Rights of the seller - installing GPS car disabling devices in cars you sell.

Texan accused of disabling 100 cars over Internet

So Ramon-Lopez is accused of going into the dealership’s computer (he worked there, as a “collector” - repo man?) and deactiviting starters and sounding the horns on cars that had been purchased at the dealship. Stupid pranks it sounds like.

But I got to the paragraph above and sirens started going off in my head. So it’s legal for a dealership to install a system like this in something that I bought from them? I suppose you could liken it to the magnetic tags but those are only activated at the door on the way out of the store.

So, should store/dealerships be able to install a system that lets them remotely disable your purchase? Should the bank be able to remotely lock you out of your house? Does the idea that a hacker or maybe an accounting glitch could lead to your car being disabled bother anyone else?

If you buy it on credit, you don’t have title to it.

True, but is the device removed when the note is paid in full?

A lot of it is going to depend on what they put in the contract when you borrow the cash off them. I would imagine this is disclosed.

If you finance through someone besides the dealer, the dealer doesn’t have title to it either.

I know - but given that the repo guy worked at the dealership, I assumed this was dealer financing. I could be wrong there.

Almost certainly. The devices cost money, so it’s in the dealer’s best financial interest to reclaim and reuse the device in another vehicle when they no longer have to worry about someone defaulting on a paid off car.


I can think of nothing that would make me walk out of a dealership faster than bullshit like this.

You likely have other financing options. Customers of businesses that do things like this probably don’t have those options.

The system that they’re using is provided by PayTeck. I found their website and it’s a bit interesting:

I can’t believe that the dealerships themselves don’t just shun these things as lawsuits waiting to happen. I can think of tons of situations just offhand where a person could have their car in the garage, be relying on it for something important, and then it fails to start when they need it. How about:[ul]
[li]someone who has to make a mandatory meeting with his parole officer[/li][li]someone who has to appear in court[/li][li]a couple about to have a baby[/li][li]an on-call physician[/li][li]a person with a dying parent who may need to rush over at a moment’s notice for one last visit[/li][li]a person who has just had an accident in the kitchen and is bleeding out[/li][li]a woman whose violent ex-boyfriend broke in through the back door, leaving her just enough time to run to the garage[/li][li]someone having a violent allergic reaction to a bee sting or peanuts[/li][/ul]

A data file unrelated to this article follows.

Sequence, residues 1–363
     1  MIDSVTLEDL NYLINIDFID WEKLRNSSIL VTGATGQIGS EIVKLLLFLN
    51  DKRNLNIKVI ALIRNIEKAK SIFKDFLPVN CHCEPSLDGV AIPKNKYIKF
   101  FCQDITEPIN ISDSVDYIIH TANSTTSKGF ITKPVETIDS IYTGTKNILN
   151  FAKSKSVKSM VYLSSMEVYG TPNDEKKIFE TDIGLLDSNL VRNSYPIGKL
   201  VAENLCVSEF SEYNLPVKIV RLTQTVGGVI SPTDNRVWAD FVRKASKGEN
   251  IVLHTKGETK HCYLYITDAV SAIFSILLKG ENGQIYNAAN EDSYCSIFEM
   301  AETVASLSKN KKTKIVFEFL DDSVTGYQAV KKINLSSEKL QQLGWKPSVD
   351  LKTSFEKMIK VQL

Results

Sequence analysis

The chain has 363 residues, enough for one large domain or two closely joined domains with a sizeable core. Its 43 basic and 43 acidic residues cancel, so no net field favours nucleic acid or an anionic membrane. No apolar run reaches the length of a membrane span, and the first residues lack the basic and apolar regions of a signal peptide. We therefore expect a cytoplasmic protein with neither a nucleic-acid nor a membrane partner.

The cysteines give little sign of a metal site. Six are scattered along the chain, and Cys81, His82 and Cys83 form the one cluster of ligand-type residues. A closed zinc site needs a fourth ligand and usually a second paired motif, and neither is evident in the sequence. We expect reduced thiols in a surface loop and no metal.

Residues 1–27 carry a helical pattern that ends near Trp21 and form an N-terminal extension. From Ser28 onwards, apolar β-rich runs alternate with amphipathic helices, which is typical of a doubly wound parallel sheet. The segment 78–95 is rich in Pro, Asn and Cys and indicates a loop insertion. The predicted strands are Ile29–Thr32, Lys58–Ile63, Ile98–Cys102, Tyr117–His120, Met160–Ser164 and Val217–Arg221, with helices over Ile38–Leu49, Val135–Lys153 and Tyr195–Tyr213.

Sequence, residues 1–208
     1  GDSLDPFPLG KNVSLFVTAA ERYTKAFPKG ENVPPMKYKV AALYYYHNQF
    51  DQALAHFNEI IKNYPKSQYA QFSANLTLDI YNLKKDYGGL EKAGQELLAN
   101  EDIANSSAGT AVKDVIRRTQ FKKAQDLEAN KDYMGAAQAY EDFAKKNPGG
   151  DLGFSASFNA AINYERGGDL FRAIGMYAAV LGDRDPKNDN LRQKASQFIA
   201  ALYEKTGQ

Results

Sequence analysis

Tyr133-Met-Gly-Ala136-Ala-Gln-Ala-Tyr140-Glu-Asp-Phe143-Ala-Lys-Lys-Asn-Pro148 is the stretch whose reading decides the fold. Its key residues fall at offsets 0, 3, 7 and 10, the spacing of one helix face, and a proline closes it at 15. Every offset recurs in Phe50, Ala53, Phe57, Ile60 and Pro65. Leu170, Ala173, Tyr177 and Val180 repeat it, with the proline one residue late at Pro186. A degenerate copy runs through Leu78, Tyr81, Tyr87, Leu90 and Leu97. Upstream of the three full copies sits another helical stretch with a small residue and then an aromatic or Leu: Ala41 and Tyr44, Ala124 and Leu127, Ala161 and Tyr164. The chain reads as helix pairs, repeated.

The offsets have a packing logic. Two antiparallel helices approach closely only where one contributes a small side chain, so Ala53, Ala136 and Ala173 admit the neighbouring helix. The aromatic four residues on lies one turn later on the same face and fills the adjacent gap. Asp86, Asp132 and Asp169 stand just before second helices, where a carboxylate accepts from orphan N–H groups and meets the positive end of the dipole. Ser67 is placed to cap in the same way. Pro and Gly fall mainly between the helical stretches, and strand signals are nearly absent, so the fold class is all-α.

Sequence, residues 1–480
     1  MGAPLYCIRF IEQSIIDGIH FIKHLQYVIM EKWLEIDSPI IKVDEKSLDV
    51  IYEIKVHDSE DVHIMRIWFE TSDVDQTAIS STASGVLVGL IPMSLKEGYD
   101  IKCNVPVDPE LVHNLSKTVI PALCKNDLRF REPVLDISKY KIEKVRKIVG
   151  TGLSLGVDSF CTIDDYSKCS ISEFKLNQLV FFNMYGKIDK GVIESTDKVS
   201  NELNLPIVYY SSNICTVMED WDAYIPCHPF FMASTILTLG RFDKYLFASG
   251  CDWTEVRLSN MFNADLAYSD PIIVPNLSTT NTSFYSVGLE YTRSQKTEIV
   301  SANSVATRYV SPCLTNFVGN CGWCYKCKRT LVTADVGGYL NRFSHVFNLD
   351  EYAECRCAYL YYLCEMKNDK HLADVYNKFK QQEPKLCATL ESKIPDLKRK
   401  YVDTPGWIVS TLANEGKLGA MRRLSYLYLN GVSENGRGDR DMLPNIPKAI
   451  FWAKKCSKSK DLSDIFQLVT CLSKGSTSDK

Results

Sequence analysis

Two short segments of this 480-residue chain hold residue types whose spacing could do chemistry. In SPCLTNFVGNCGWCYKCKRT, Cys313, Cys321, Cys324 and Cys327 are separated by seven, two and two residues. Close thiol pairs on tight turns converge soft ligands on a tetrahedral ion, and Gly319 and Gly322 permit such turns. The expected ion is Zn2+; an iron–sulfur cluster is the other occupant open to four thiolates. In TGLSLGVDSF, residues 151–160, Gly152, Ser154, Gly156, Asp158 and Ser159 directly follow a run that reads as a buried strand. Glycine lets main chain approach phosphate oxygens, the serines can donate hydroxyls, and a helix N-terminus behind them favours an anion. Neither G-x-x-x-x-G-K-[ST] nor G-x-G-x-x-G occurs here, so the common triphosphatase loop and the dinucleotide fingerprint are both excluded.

And hell, they don’t know where you are when they cut you off. What if I’m driving down a lonely mountain road, stop to take a leak, get back in, and the starter’s turned off? Now I’m stuck on this lonely mountain, right in the path of that approaching blizzard, and I can’t even turn on the heat.

“But all of these could happen anyway due to random car trouble!” True, but in this situation, it didn’t happen due to random car trouble, it happened due to the deliberate act of the car dealership. Sooner or later, there will be lawsuits. From the dealership’s perspective, it doesn’t seem worth the hassle.

Yes this is it. The article that I read about this matter stated that the purpose of the device was to allow auto financing to customers who otherwise would not be able to find financing. Sub-prime mortgages for cars.

No more so than if they repo’d the car. “I just got up to go to my parole officer and I discovered my car had been taken back because I had not paid for it” is indistinguishable from “My car wouldn’t start because I hadn’t paid for it.”

People with bad credit get shitty terms when they borrow money. It’s the way things have always been. Fortunately, I have better credit so am not stuck in that position. What the problem is, however, in outlawing such practices is that the source of legal credit for high risk individuals dries up.